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Environmental issues relating to the manufacture of antisense-based products of phamaceutical biotechnology.

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dc.contributor.advisor Walsh, Gary
dc.contributor.advisor O'Dwyer, Tom
dc.contributor.author Robinson Carol M.
dc.date.accessioned 2012-02-16T13:09:17Z
dc.date.available 2012-02-16T13:09:17Z
dc.date.issued 2011
dc.identifier.uri http://hdl.handle.net/10344/1990
dc.description peer-reviewed en_US
dc.description.abstract Antisense technology is a nucleic acid-based approach capable of down regulating the expression of specific genes. Several antisense drugs have or will shortly gain approval for medical use. Phosphorothioate oligonucleotides (PS oligonucleotides), in which one of the non-bridging oxygen atoms of the internucleotide phosphodiester linkage is replaced by a sulfur atom is one of the most extensively used backbone modifications of antisense oligonucleotides. Therefore, they are the focus of this study. Their unique manufacturing routes and bioactivity raises hitherto, unaddressed environmental issues. The manufacture and use of antisense oligonucleotides at industrial scale could result in its unintentional release to waste streams and hence into the environment. This research aims to determine the environmental issues associated with the production lifecycle of an antisense drug and to develop effective treatment processes to degrade/remove antisense drugs from specific manufacturing waste streams. The composition of waste streams generated from each process step of the synthesis was identified and simulated using SuperPro Designer® 6.0 flow sheets. This study highlighted that large quantities of chemical wastes, most specifically, significant volumes of acetonitrile (2037 L) and toluene (1018 L) are produced during the synthesis of crude 20-mer PS oligonucleotide at 1.5 kg scale. It is predominantly during downstream processing, in particular purification, that there is a potential for loss of synthetic nucleic acid material during which it is estimated that upwards of 50% of synthetic oligonucleotide (750 g) is lost to waste streams. In this study, the main strategies adapted for the degradation and removal of antisense oligonucleotides include physical heat treatment, acidic and basic pH at ambient room temperature and in combination with elevated temperature (Chapter Three), chemical treatment with soft metal ions (silver nitrate) and oxidising agents (iodine, potassium permanganate, potassium dichromate, sodium hypochlorite, peracetic acid, hydrogen peroxide and Virkon®) (Chapter Four) and enzymatic treatment with commercially available nucleases (Chapter Five). Analysis was undertaken both qualitatively and quantitatively using Polyacrylamide Gel Electrophoresis and Ion-Pair Reversed-Phase chromatography. Based upon the concentration of reagents required, treatment duration, economic considerations and potential environmental impacts, six optimum treatments were chosen. These include treatment with low pH (HCl, 0.5 M) at 40°C, low pH (H2SO4, 0.5 M) at 40°C, iodine (25 mM), potassium dichromate (0.125 M), nuclease P1 (5 U/ml) and steam sterilisation for their efficacy in a simulated waste stream environment. Steam sterilisation was ineffective at degrading the PS oligonucleotides in the waste stream solution. Treatment with nuclease P1 was the most effective treatment process degrading the PS oligonucleotide by 96.9%. The next most effective treatment method was low pH with HCl at 40ºC, low pH with H2SO4 at 40ºC, acidic potassium dichromate and iodine degrading the PS oligonucleotide in simulated waste stream conditions by 92.9, 92.4, 88.3 and 86.7%, respectively. The application of low pH with HCl at 40ºC or nuclease P1 presented as the most effective treatment methods of degrading the PS oligonucleotides in the simulated purification waste stream and demonstrated their suitability as the most technically feasible and eco-friendly methods of treatment. These methodologies may potentially be used to treat PS oligonucleotide containing waste streams, rendering them free of active drug product. en_US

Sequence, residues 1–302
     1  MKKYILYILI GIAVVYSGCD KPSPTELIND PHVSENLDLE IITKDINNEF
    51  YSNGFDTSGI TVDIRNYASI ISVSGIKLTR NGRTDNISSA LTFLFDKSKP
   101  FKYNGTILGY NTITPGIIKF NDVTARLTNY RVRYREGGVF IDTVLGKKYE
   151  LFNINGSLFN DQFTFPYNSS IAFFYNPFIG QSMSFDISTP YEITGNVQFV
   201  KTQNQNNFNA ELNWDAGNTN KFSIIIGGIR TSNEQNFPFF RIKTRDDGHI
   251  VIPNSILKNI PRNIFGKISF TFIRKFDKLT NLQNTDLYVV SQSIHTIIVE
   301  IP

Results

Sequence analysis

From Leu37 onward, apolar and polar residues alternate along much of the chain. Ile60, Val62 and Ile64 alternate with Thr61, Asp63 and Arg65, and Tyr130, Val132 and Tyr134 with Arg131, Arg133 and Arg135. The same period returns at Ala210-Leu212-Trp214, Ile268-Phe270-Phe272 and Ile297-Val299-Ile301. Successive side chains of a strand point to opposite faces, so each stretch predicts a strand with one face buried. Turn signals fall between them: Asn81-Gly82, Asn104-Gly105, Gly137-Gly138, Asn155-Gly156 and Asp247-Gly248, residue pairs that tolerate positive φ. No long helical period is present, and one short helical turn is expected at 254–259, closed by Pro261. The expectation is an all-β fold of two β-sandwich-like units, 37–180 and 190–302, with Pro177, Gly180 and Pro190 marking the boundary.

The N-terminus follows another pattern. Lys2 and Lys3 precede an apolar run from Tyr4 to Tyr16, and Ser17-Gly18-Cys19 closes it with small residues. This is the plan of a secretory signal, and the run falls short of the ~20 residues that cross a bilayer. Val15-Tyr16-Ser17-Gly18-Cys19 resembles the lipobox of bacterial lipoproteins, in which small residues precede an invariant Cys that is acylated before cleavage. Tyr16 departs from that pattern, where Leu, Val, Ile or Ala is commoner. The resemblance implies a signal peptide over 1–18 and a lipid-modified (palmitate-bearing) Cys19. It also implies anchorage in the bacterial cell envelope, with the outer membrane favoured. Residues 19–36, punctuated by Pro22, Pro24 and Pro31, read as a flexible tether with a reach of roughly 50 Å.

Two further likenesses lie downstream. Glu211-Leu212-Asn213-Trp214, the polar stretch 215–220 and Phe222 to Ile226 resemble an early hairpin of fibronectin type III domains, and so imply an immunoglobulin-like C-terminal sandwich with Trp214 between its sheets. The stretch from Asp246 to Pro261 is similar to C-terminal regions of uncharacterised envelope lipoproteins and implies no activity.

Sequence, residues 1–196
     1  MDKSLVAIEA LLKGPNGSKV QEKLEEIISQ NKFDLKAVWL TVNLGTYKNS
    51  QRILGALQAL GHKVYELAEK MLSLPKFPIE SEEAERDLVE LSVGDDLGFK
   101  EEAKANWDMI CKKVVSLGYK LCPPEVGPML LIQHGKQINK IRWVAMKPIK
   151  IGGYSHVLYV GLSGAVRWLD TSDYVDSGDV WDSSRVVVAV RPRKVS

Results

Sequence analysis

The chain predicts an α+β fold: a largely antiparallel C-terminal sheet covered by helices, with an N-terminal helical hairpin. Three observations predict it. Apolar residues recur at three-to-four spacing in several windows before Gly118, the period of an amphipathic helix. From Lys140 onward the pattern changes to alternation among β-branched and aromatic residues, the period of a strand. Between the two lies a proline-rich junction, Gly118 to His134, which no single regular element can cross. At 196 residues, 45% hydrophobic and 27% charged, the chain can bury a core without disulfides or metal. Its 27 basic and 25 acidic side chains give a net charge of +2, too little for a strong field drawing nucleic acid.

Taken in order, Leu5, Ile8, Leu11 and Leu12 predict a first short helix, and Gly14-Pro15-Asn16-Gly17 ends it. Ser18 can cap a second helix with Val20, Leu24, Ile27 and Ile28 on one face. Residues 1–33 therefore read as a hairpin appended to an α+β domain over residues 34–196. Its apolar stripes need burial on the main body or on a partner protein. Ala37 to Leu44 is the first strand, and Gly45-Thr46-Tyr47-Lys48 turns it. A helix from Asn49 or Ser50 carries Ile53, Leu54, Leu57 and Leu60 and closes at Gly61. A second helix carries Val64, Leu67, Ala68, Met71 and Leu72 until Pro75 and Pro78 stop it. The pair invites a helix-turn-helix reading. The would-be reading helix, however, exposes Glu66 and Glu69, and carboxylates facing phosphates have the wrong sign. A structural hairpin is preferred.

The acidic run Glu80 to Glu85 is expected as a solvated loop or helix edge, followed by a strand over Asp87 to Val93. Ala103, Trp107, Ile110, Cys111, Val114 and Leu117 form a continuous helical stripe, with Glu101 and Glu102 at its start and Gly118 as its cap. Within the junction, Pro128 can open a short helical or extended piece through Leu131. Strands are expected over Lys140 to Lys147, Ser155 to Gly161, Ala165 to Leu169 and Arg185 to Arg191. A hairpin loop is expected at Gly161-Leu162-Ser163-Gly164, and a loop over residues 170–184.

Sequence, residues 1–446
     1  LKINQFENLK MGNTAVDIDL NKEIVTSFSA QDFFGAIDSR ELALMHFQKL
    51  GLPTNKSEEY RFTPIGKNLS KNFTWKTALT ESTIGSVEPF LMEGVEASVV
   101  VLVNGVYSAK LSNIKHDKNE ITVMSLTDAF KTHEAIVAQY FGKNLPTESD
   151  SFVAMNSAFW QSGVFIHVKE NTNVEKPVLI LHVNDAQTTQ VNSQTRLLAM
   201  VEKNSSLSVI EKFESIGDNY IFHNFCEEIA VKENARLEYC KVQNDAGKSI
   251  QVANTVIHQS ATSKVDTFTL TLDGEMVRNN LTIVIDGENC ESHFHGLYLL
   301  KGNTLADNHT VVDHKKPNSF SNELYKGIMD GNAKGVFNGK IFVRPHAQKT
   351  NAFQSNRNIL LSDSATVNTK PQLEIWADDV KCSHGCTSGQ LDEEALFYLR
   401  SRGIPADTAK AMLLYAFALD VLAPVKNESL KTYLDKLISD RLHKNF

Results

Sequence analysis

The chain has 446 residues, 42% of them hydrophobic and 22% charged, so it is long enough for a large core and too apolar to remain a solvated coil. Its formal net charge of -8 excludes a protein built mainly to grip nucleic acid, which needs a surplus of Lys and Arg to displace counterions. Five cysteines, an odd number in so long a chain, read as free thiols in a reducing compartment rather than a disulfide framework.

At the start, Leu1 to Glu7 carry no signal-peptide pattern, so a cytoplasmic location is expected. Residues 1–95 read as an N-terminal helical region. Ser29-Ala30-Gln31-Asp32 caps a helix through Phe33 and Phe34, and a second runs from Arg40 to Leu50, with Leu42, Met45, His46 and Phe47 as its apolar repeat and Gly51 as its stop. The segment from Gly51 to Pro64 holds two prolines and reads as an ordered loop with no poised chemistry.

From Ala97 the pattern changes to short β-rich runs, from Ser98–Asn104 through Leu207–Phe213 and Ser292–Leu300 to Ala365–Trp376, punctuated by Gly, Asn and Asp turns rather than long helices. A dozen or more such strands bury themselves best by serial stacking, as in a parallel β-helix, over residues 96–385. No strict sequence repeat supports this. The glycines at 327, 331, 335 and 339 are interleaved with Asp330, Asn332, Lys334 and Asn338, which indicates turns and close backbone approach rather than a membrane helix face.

dc.description.sponsorship EPA en_US
dc.language.iso eng en_US
dc.publisher University of Limerick en_US
dc.subject antisense technology en_US
dc.subject environment en_US
dc.subject waste streams en_US
dc.title Environmental issues relating to the manufacture of antisense-based products of phamaceutical biotechnology. en_US
dc.type Doctoral thesis en_US
dc.type.supercollection all_ul_research en_US
dc.type.supercollection ul_published_reviewed en_US
dc.type.supercollection ul_theses_dissertations en_US
dc.type.restriction none en

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